Interactive visualization and analysis of large and complex volume data is an ongoing challenge. Data acquisition tools produce hundreds of Gigabytes of data and are one step ahead of visualization and analysis tools. Therefore, the amount of data to be rendered is typically beyond the limits of current computer and graphics hardware performance. We tackle this challenge in the context of state-of-the-art out-of-core multiresolution direct volume rendering by using a common mathematical framework (a) to extract relevant features from these large datasets, (b) to reduce and compress the actual amount of data, and (c) to directly render the data from the framework coefficients.
As a common framework, we introduced the higher-order extension of the matrix singular value decomposition - tensor approximation (TA) – as a compact volume data representation. In particular, the bases of tensor approximation were exploited to model state-of-the-art multiresolution volume visualization and multiscale feature extraction with one set of global bases. Based on this contribution, a feature scale metric was developed to automatically select a feature scale and a resolution for the final reconstruction.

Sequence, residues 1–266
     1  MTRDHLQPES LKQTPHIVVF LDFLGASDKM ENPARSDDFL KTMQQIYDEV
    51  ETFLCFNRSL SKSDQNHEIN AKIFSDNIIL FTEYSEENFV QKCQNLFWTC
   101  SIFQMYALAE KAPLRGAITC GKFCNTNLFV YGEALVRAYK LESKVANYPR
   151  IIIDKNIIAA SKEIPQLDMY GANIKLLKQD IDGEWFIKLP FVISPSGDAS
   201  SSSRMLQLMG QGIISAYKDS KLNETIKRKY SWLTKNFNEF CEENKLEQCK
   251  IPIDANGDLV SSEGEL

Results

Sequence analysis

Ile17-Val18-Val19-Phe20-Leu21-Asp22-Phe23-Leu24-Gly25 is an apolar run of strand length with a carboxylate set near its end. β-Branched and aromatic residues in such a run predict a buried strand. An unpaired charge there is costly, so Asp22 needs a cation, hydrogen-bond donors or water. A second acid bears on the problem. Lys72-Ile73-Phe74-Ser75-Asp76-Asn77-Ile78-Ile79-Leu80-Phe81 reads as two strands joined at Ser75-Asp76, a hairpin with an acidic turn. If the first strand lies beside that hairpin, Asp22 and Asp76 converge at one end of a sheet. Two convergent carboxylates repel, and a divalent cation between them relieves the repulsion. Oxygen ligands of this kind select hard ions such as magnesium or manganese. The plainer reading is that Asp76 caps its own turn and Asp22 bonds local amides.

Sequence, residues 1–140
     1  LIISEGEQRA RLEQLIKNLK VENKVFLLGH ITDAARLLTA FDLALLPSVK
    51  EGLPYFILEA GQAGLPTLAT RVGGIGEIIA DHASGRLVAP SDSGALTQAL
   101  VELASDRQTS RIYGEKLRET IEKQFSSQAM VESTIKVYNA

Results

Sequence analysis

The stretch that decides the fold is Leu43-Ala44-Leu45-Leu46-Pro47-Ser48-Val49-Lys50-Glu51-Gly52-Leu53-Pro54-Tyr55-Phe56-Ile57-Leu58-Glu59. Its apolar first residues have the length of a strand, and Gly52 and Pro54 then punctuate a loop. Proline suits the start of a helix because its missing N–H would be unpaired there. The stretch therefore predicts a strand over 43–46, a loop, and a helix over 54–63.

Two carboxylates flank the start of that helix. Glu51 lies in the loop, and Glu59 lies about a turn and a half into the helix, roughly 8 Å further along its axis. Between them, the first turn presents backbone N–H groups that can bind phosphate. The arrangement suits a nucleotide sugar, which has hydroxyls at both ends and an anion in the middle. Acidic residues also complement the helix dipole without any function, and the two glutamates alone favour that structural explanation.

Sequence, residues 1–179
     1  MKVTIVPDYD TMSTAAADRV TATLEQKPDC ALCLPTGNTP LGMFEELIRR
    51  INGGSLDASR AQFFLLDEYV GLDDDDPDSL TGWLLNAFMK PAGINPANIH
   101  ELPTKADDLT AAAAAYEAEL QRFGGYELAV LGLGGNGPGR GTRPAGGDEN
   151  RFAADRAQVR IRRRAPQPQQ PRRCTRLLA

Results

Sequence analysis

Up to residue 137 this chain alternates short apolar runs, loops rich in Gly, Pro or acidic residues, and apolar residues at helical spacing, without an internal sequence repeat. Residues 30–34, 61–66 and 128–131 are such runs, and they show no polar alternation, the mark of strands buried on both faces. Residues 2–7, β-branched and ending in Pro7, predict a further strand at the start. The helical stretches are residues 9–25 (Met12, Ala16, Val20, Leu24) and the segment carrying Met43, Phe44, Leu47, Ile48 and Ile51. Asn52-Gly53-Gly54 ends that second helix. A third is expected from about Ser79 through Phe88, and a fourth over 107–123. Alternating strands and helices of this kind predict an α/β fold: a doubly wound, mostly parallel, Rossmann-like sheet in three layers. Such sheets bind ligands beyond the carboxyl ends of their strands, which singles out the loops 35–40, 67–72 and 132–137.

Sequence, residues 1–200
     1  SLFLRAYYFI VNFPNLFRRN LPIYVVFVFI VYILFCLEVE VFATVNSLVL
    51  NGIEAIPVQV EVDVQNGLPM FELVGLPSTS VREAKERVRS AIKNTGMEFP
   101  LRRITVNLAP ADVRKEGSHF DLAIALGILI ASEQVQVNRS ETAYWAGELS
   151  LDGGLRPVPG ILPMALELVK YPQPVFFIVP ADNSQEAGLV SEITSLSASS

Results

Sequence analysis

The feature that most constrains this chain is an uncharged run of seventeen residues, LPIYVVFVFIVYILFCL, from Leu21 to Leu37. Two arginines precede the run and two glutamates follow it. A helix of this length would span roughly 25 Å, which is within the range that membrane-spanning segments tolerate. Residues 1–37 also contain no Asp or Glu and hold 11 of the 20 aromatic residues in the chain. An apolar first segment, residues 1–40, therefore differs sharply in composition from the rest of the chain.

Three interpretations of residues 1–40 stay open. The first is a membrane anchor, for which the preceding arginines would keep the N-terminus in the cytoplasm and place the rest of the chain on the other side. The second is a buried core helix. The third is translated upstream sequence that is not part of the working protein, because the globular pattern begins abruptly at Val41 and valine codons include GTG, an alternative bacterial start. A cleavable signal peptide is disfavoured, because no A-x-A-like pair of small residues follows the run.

Thanks to the compact data representation by TA, a significant data compression and GPU-based real-time visualization was achieved. The new algorithms were tested on volume datasets from micro-computed tomography and phase-contrast synchrotron tomography that range up to 32 Gigabytes.
Dr. Susanne K. Suter is a post-doctoral researcher in the field of 3D visualization and computer graphics at the University of Zurich, Switzerland. She graduated from her PhD in early 2013. Her scientific expertise lies in data compression, feature extraction, automation, real-time interactive visualization, and linear algebra in visualization. Susanne Suter contributed to the field of interactive direct volume rendering by showing that tensor approximation is practical for out-of-core multiresolution rendering and multiscale volume feature visualization.
This lecture is organized by the Computer Graphics Group at the Institute of Computer Graphics and Algorithms. Supported by VRVis and the Austrian Computer Society (OCG).